I’ve written so much about water lately that I’m beginning to feel like the Ancient Mariner, but this story is so disturbing I feel compelled to share it. I’ve written about the near disaster at the Oroville Dam during the spring rains here, here and here.
But what no one knew until recently was how close the residents of Oroville came to losing their lives due to combination of official complacency and incompetence.
The Associated Press has completed an investigation and the results aren’t a vote of confidence for California bureaucrats.
California officials were aware of structural problems with the main dam spillway for years and had made what they termed "repairs" that supposedly fixed the problem. And that was true as long as the spillway was just the world’s longest and steepest skateboard ramp, but when it had to be used to move water the problems began.
And the emergency spillway was even worse. As far back as 2005 environmental groups warned the earthen spillway wasn’t sturdy enough to handle the overflow and required concrete reinforcement. The California Department of Water Resources said there, there now, everything is fine and the legislature would rather spend money on sanctuary cities.
The then drought ended with the spring rain. After only six days of use the main spillway began to fail. The rushing water tore a hole the size of a football field in the concrete. Oroville dam managers then "failed to acknowledge — or perhaps recognize — that while they were busy dealing with one crisis, they were creating a possible new one."
The managers asked the Army Corps of Engineers for an exemption to the rule that required them to release water from the dam down the spillway. According to the AP, "Engineers did this because they wanted to inspect the hole, study how much bigger it might get and think of a way to keep the spillway from crumbling further."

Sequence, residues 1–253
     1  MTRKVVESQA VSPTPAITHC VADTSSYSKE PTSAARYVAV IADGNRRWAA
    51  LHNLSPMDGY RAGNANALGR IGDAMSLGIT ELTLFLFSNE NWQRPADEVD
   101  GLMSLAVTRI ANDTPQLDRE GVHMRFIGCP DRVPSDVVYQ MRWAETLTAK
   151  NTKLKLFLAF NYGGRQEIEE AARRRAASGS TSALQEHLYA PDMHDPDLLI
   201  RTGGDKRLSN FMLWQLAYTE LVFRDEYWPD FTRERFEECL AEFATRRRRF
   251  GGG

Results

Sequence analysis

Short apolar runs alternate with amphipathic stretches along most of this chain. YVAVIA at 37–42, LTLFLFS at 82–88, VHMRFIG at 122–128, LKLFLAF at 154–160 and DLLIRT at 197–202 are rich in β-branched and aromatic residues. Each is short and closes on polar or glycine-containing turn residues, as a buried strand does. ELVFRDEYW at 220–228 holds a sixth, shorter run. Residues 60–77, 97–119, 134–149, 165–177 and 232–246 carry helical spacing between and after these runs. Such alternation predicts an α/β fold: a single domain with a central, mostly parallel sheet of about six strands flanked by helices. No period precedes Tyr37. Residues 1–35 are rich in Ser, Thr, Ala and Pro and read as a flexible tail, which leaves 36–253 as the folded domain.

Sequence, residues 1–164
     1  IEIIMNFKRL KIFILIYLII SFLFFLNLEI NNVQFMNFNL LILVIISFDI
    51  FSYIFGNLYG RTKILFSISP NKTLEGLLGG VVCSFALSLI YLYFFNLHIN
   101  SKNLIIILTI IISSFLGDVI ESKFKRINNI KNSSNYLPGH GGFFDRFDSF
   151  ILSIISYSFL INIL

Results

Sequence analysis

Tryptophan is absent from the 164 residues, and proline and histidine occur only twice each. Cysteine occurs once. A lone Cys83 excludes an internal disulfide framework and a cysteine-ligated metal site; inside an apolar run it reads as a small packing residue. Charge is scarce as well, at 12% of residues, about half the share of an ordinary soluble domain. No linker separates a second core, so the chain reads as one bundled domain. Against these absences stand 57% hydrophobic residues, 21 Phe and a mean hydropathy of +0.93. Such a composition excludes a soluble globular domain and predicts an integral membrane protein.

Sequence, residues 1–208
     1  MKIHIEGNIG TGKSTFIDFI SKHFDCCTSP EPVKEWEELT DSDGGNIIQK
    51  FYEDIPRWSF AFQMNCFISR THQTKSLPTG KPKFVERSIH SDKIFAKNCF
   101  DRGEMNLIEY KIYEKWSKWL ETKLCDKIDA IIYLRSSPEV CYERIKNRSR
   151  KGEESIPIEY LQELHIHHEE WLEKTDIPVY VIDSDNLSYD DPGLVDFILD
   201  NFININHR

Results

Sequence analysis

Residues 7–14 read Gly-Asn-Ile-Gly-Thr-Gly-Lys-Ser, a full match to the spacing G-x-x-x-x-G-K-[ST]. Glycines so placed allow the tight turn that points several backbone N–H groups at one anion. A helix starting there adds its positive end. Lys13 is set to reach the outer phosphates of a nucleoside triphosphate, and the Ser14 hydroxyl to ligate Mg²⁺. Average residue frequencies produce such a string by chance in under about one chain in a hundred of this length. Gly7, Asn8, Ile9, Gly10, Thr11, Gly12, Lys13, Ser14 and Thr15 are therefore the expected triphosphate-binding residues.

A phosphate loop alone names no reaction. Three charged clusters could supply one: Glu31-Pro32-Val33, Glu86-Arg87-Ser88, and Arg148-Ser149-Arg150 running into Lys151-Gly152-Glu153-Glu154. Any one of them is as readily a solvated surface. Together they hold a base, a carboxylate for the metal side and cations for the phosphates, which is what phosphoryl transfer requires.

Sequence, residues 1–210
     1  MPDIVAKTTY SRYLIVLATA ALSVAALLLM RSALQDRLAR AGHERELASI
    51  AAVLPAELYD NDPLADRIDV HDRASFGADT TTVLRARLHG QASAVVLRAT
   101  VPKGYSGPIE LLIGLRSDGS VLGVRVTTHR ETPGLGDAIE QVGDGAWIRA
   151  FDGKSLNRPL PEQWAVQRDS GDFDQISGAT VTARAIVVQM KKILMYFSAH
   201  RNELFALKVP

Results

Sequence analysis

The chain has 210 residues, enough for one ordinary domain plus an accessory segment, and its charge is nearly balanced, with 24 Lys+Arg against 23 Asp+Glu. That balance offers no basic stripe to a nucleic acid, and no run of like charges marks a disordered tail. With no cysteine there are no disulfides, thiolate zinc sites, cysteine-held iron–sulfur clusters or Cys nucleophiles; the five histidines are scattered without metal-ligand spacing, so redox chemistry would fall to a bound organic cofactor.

But they didn’t get an exemption from the weather and it continued to rain and the water continued to build up behind the dam.
Sheriff Kory Honea was concerned and kept pressing dam officials for accurate information. They assured him that even if water overflowed the dam the emergency spillway could handle it. Then while Honea was in the emergency operations center he overheard someone say, "This is not good." Water had started down the emergency spillway and it began to collapse.
Honea didn’t wait; he ordered an emergency evacuation. What no one outside dam officials knew at the time was the lives of area citizens depended on a main spillway that was thought to be too damaged to use. As Honea observed if it had failed, too, "it was not whether people would die, but how many would die."
Fortunately, the main spillway didn’t fail after being pressed into use, but that’s no thanks to California officials. They still contend the dual spillway failures were like a car getting a flat tire. Sure, if the car belonged to a moonshiner fleeing from revenuers and the tires were bald.
As the report found, "Ultimately, the spillways broke apart while handling just a fraction of the water they were designed to carry."
That is an indictment of California officialdom. Now politicians are pointing fingers and bureaucrats are covering behinds. Let’s hope someone competent fixes the problem before next spring.
Michael Reagan, the eldest son of President Reagan, is a Newsmax TV analyst. A syndicated columnist and author, he chairs The Reagan Legacy Foundation. Michael is an in-demand speaker with Premiere speaker’s bureau. Read more reports from Michael Reagan — Go Here Now.
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